On Friday, President Obama once again called on a gridlocked Congress to pass his proposals to jumpstart the stalled economy — particularly increased financial aid to local and state governments to prevent further job losses for police officers, firefighters, teachers, and other public-sector workers. "The private sector is doing fine," Obama explained, noting that private companies have added 4.3 million jobs over the last 27 months and 800,000 in 2012 alone, while the public sector has taken a huge hit. Republicans, of course, were quick to seize on the comment as evidence that Obama is clueless when it comes to the economy. "Is he really that out of touch?" said GOP rival Mitt Romney. "For the president of the United States to stand up and say the private sector is doing fine is going to go down in history." Did Obama give the GOP a gigantic gift?
Yes. Obama really blew it: Obama called the press conference to assure Americans that he knows the economy still isn't growing fast enough, says Jonathan Chait at New York. But with one unfortunate soundbite, he seemed to "transmit the opposite of that intended message." Obama undermined his own attempts to "remind everybody that he has a plan to improve the economy and Republicans are blocking it." Instead, "he wound up giving Republicans a line" that "will no doubt be repeated on Republican campaign ads between now and November."
"Obama steps on message, GOP steps on economy"
But his words are being taken out of context: "There's no question that Obama left himself wide open to this attack," says Kevin Drum at Mother Jones. But keep in mind that Obama was describing a basic economic reality: The private sector is adding two million jobs a year, while government is laying off 200,000 workers a year. This undeniable fact "has been a big contributor to our anemic recovery."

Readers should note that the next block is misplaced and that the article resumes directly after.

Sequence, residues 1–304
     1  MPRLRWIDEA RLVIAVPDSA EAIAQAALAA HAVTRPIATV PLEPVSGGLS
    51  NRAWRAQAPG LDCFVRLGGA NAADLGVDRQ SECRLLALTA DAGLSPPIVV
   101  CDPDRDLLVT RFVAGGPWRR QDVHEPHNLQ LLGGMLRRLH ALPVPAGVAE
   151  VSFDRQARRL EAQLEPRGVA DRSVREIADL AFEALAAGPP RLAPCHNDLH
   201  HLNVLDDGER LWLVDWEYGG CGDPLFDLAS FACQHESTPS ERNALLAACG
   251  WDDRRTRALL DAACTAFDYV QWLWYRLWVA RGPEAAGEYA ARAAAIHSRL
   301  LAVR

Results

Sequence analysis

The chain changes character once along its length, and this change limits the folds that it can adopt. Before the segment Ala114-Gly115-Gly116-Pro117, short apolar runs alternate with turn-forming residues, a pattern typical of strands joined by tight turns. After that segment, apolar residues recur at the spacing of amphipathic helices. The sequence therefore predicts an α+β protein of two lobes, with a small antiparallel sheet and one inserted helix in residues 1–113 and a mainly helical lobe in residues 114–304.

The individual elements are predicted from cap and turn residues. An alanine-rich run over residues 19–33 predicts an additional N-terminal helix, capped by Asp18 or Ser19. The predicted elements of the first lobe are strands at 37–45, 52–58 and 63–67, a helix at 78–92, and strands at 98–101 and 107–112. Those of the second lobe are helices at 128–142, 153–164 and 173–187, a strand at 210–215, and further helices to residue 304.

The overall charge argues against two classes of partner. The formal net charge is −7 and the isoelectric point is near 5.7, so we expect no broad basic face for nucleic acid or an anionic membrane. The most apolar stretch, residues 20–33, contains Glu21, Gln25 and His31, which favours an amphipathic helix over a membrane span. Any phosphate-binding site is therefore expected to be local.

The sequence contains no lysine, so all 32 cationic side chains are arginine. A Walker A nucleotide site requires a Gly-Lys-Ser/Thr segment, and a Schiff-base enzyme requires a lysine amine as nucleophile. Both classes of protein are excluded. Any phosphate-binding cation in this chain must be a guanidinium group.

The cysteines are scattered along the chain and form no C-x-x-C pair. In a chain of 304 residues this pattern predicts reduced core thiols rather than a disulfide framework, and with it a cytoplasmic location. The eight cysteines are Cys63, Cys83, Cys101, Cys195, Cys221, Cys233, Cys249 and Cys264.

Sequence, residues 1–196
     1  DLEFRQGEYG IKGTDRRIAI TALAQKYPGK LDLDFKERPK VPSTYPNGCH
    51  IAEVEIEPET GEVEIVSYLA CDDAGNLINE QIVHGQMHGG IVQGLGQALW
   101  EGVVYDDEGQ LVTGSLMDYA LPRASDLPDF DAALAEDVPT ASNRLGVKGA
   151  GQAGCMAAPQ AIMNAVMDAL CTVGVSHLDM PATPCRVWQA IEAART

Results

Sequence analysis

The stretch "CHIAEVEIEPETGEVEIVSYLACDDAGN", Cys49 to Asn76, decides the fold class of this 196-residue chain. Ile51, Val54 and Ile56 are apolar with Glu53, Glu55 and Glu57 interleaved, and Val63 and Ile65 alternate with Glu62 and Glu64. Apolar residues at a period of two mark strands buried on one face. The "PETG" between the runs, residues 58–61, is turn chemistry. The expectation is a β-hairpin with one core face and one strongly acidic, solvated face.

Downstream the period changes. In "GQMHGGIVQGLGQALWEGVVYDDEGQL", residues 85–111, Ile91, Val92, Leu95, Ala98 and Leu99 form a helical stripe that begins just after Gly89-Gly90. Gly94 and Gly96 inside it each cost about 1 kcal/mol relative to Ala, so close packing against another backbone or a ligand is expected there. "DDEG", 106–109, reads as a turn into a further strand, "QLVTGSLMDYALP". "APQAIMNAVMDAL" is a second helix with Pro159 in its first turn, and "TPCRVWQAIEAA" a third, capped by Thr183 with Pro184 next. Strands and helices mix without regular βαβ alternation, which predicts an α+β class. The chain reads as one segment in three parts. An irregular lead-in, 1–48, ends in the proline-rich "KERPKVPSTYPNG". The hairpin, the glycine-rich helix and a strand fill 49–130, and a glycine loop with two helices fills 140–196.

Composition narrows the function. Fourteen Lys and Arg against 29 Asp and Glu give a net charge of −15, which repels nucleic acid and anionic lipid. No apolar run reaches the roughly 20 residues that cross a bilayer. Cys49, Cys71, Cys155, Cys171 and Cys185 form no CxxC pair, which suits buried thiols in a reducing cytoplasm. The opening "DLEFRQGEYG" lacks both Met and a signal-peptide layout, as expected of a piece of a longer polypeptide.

"Obama: Private sector is 'doing fine'"
So what? Obama cherry-picks soundbites, too: Republicans are surely taking the president's words out of context, but Obama is hardly innocent when it comes to that particular sin, says Michael Scherer at TIME. In 2008, when John McCain claimed that "the fundamentals of the economy are strong," the Obama campaign "gleefully used the seven words to paint McCain as disconnected from the real fear and misery gripping the country." Obama's gaffe won't cost him the election, but "such mistakes do allow his opponents to build a damaging narrative," and Obama's regrettable six words "may leave a mark."
"As economic concern mounts, President Obama says 'the private sector is doing fine'"